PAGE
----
I have been spending a lot of time reading SOS reviews lately, and I must say, they are among the best I have ever read. My question is specifically for Tom Flint regarding his review of the Zoom MRS1608 in the January 2005 issue. In it he compares the MRS1608 to several machines in the 'Taking On The Competition' section. There is no mention of the Korg D1600. Since these are the two machines I am seriously considering, I am curious as to why the Korg was not included.
SOS contributor Tom Flint replies: My reason for not making a comparison between the MRS1608 and the D1600 is that digital multitrackers seem to have started evolving into two distinct types, and in my opinion, the Korg D1600 is on another branch of the evolutionary tree from the MRS1608, although I realise that they still have a lot in common.
The D1600 belongs to the family of digital multitrackers which are primarily concerned with providing fairly traditional recording, mixing and editing facilities. The feature set includes effects, and, in some cases, sample-editing tools, but the emphasis is on the production of recorded sound rather than its creation. Some multitrackers in this category have fairly serious I/O facilities including features like word clock I/O, and multi-format expansion slots so that they can interface with other professional studio equipment. As far as mixer routing is concerned, they tend to have lots of auxiliary busses for use when patching to effects cards or for sending signals to outputs.
The other category of multitrack recorder offers fewer professional mixing facilities, in exchange for a greater variety of sound creation tools, which come in the shape of built-in rhythm machines, bass synthesizers and loop samplers. Instead of serving budding studio engineers who need a product that will be compatible with professional studio gear, they have evolved to serve as an all-in-one machine for the home recording musician who has limited recording facilities and possibly very little outboard gear. Naturally drums and bass are not easy things to record at home, and neither is a loud electric guitar amp, so a multitracker with internal rhythm features and amp simulators helps enormously.
I hope this makes my reasoning a little clearer?
In Martin Walker's PC Notes column in the May 2005 issue, he says, "With a 15-inch TFT screen at its native resolution of 1024 x 768 pixels, you may find yourself squinting to read text and other fine details from three feet away", and then goes on to say a 19-inch monitor at 1280 x 1024 is perfect... but the dots are the same size on this and the 15-inch! So all the 'text and other fine details' are exactly the same size. Surely shome mishtake?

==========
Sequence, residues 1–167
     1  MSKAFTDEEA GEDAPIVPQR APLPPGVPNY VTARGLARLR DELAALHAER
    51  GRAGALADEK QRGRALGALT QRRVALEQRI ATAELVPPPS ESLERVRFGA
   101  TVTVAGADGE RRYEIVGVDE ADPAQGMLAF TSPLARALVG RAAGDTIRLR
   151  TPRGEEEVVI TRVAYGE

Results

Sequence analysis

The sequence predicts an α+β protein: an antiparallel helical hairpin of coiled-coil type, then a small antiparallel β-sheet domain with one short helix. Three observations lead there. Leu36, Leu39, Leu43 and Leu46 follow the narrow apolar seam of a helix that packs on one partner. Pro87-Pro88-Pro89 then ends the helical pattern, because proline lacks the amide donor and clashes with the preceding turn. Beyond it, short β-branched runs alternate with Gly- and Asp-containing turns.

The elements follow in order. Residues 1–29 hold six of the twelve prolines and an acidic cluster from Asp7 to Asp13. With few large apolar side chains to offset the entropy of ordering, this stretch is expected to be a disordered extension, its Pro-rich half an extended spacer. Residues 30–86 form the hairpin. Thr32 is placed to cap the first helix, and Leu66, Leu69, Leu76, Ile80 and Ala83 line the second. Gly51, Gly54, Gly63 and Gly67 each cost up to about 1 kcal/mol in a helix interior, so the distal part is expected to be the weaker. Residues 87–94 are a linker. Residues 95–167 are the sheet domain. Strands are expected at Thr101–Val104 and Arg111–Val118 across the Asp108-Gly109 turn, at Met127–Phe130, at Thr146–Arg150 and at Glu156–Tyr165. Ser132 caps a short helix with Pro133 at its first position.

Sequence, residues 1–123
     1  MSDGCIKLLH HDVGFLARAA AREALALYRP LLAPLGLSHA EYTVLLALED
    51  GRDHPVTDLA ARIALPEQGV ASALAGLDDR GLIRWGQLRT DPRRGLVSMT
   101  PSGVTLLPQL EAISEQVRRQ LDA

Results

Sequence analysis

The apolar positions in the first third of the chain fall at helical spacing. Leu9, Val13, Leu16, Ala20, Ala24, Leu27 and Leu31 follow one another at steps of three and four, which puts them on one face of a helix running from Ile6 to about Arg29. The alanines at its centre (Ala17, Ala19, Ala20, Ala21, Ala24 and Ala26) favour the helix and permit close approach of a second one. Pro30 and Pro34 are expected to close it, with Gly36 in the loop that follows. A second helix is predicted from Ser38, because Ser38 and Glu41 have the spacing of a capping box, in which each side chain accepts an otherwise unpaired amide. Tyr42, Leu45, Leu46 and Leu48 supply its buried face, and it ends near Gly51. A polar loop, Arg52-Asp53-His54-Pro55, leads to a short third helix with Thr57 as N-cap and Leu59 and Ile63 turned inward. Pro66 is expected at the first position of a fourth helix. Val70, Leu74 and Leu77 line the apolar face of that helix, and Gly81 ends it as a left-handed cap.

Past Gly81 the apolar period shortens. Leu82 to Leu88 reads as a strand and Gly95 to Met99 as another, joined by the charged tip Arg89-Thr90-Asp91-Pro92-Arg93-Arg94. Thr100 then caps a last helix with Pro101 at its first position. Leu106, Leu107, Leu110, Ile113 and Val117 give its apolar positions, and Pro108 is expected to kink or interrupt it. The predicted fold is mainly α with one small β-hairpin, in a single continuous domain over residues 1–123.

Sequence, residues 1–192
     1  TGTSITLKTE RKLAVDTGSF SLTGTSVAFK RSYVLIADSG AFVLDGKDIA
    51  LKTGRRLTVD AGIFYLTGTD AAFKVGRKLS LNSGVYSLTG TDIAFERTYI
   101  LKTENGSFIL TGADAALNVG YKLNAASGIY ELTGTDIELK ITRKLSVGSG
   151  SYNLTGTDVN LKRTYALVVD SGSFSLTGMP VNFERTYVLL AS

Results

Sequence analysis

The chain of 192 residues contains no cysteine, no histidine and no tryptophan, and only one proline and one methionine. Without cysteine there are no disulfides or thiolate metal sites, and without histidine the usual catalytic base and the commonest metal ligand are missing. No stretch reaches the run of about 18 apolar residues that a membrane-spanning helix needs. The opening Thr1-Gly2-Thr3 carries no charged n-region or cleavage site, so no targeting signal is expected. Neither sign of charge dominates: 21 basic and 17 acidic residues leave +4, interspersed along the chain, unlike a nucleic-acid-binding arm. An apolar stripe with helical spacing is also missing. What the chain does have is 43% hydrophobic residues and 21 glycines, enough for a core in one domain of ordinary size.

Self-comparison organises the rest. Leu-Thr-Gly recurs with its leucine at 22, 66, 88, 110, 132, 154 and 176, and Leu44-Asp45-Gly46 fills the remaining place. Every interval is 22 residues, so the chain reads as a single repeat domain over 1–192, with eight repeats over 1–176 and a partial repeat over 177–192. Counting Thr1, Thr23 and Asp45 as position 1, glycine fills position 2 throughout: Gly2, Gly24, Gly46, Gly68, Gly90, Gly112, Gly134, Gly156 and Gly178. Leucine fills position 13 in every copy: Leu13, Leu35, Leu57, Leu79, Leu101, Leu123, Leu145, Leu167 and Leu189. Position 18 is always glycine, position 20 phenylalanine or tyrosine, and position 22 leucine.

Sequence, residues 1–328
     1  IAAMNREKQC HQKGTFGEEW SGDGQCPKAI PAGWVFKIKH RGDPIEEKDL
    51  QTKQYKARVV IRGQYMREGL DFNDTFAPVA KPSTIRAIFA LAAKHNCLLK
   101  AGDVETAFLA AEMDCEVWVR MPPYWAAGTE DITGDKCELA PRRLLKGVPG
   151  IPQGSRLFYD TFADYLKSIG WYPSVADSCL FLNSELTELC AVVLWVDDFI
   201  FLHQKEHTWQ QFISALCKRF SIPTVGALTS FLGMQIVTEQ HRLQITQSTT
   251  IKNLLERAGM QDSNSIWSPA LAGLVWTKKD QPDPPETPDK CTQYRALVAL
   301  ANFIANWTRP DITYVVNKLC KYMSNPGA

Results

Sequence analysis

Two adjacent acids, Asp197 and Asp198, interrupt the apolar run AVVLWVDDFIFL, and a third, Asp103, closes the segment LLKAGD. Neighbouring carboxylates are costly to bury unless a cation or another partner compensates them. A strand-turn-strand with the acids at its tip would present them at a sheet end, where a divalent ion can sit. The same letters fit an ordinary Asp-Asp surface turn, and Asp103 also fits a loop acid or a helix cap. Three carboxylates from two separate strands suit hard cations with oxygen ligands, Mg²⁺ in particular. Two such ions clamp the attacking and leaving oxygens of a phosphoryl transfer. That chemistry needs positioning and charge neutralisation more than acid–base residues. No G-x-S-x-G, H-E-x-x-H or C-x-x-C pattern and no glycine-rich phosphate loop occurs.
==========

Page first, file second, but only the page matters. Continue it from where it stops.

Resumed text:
SOS Forum Post
PC music specialist Martin Walker replies: I was using a 15-inch TFT display at 1024 x 768 up until a few months ago, and often found myself leaning forward and squinting to read text on it once I'd moved it three feet away to place it between my monitor speakers. However, after upgrading to a 19-inch 1280 x 1024 screen, I can now view the same information with ease.
My comment wasn't an oversight — I simply increased text size on the larger screen proportionally, both by changing Windows font sizes using the Advanced section of the Display Appearance page, and choosing larger fonts within word processing and other applications. Another approach is to click on the Advanced button of Windows XP's Display Settings page:, you can change the global DPI (Dots Per Inch) setting from 'Normal size (96DPI)' to 'Large size (120DPI)' or another 'Custom setting', which will not only scale up the font size but that of other Windows objects as well.
Since the 19-inch screen is nearly 27 percent larger than the 15-inch one, you can view exactly the same amount of textual information 27 percent larger without losing any content. Similarly, since most sequencer software provides both vertical and horizontal zoom functions, the actual pixel size becomes far less important, since you can generally scale the screen contents to suit yourself. Only those soft synths that have a 'fixed' pixel design using bitmapping cannot be altered in size. For me, the 19-inch screen does provide the best combination of screen size and native resolution for the price.
I liked your 'AW4416 Masterclass' features [see SOS May and June 2005]. I just wanted to point out that saving disk space by erasing silent parts in the middle of a track is possible. You have to first divide the track into regions, copy the regions you want to a blank track or virtual track and then erase the original track.